This takes a lot of resources. Each year, more than 30 million board feet of wood, 1.6 million tons of concrete, 800,000 gallons of embalming fluid, and 90,000 tons of steel are used for underground burials in the United States alone. That’s as much steel as is in the Golden Gate Bridge.

Cremation, while less resource intensive, isn’t ideal either. Some facilities use filters or scrubbers to reduce pollutants, but cremation still results in soot, carbon monoxide, and trace metals like mercury being released into the air. Each cremation uses about 28 gallons of fuel and releases about 540 pounds of carbon dioxide into the atmosphere. Multiply this by the roughly 1 million bodies that are cremated annually in the United States, and you get 270,000 tons of carbon dioxide released each year due to cremation. That’s more CO2 pollution than 22,000 average American homes generate in a year.

Choosing a greener way to die

Jake had spent his life respecting the Earth, and he didn’t want his final act to harm it. He was also opposed to the death care industry — a $20 billion-a-year business notorious for preying on people at the lowest points in their lives. It’s an industry increasingly controlled by a single entity called Service Corporation International (SCI), a company with 20,000 employees and a market capitalization of $4 billion.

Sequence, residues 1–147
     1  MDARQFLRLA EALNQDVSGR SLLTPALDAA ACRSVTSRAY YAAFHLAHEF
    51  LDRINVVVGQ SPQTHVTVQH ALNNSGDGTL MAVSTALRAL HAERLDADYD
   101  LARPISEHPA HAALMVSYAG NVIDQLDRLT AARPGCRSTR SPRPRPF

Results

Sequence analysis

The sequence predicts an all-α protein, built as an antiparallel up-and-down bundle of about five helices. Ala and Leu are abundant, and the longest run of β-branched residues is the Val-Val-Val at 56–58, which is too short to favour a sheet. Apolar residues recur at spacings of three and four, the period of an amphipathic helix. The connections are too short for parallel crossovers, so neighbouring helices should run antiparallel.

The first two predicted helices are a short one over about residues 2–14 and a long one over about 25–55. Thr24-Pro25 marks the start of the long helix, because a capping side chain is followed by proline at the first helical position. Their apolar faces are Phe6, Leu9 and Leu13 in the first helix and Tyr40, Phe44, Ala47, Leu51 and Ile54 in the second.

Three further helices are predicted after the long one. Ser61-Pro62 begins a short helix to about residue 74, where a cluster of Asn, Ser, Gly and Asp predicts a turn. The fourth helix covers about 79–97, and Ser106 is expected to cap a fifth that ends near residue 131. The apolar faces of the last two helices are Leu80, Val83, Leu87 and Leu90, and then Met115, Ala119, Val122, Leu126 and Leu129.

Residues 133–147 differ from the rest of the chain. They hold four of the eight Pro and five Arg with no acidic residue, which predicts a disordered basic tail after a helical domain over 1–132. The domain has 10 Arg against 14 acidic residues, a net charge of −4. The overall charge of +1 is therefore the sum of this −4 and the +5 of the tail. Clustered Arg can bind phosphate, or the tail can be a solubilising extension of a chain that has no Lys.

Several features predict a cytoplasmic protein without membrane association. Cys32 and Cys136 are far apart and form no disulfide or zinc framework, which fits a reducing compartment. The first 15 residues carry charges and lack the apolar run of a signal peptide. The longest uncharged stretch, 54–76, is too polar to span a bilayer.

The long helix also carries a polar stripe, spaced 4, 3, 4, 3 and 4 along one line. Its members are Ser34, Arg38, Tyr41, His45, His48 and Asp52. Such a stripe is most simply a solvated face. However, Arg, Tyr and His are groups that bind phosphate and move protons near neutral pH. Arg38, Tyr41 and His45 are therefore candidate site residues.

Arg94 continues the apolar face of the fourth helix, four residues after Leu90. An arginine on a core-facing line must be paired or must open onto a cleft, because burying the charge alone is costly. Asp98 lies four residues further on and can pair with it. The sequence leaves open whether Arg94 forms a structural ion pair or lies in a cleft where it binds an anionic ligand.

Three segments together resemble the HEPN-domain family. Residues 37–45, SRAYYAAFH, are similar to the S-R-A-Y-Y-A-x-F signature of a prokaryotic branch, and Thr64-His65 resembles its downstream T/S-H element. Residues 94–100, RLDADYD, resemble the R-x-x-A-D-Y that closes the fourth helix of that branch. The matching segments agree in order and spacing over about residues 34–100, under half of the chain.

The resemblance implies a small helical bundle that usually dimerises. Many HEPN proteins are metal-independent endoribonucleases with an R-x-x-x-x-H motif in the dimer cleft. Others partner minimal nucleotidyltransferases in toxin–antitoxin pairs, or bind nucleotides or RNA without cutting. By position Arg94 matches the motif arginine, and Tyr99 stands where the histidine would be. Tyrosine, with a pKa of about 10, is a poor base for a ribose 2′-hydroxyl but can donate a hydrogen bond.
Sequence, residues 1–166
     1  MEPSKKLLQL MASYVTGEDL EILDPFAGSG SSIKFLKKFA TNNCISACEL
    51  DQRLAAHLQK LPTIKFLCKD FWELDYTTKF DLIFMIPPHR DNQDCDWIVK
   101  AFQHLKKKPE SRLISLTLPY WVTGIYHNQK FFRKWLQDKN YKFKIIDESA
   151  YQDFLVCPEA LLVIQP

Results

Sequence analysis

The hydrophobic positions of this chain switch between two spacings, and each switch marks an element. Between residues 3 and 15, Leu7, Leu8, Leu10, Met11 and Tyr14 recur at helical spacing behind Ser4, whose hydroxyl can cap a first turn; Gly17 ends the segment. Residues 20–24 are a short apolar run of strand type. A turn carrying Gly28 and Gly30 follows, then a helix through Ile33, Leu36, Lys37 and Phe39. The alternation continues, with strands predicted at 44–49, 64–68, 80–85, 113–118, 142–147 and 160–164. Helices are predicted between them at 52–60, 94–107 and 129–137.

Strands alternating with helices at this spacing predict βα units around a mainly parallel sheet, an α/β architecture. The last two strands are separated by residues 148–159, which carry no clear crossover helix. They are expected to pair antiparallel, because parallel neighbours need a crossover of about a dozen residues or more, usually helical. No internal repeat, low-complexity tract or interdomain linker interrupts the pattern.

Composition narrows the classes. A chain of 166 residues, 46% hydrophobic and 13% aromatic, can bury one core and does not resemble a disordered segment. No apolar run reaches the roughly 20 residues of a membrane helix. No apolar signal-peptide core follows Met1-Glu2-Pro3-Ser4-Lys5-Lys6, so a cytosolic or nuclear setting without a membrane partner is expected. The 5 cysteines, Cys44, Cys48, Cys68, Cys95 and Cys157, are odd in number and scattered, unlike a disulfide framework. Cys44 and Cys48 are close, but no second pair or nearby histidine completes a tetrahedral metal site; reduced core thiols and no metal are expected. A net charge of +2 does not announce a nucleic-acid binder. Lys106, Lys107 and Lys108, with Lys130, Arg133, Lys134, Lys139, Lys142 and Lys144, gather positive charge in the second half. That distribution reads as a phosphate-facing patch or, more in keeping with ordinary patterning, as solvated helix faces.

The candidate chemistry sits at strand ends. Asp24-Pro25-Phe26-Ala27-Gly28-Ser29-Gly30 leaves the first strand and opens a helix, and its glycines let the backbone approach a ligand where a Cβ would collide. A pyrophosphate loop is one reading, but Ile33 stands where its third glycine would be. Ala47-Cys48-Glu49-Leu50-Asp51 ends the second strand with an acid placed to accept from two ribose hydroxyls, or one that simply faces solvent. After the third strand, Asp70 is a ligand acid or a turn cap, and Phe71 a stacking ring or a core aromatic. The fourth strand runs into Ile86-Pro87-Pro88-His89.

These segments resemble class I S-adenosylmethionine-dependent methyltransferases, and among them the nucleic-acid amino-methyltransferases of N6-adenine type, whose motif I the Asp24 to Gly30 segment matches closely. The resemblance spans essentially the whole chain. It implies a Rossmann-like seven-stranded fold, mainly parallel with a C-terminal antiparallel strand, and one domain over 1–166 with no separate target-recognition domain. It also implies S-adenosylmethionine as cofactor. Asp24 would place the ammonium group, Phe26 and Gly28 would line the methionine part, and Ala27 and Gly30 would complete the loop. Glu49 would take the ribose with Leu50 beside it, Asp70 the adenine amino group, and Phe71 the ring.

Jake decided on something different: a natural burial. He wanted to go back to the burial traditions humans embraced for thousands of years before the development of chemical embalming and steel-lined caskets. There would be no formaldehyde, no coffin, just a simple shroud and a hole in ground.

“Jake passionately believed in green burial,” says his partner Donna. “He saw no good coming from filling his body with more deadly chemicals or using insane amounts of energy to burn it, releasing more chemicals into the atmosphere. He wanted to nurture the Earth as it had nurtured him.”

Natural burial is perfectly legal in the United States, but that doesn’t mean it’s easy. Jake’s friends and family couldn’t just dig a hole in his land in Port Angeles and leave him there to rest — although they did think about it, Tristan says. Natural burial requires a cemetery willing to take the body, which can be difficult to find. Because so many cemeteries are owned by SCI, a company that pushes clients to take the full package — embalming, concrete-lined vaults, etc. — there are only a handful of natural cemeteries in all of Washington state.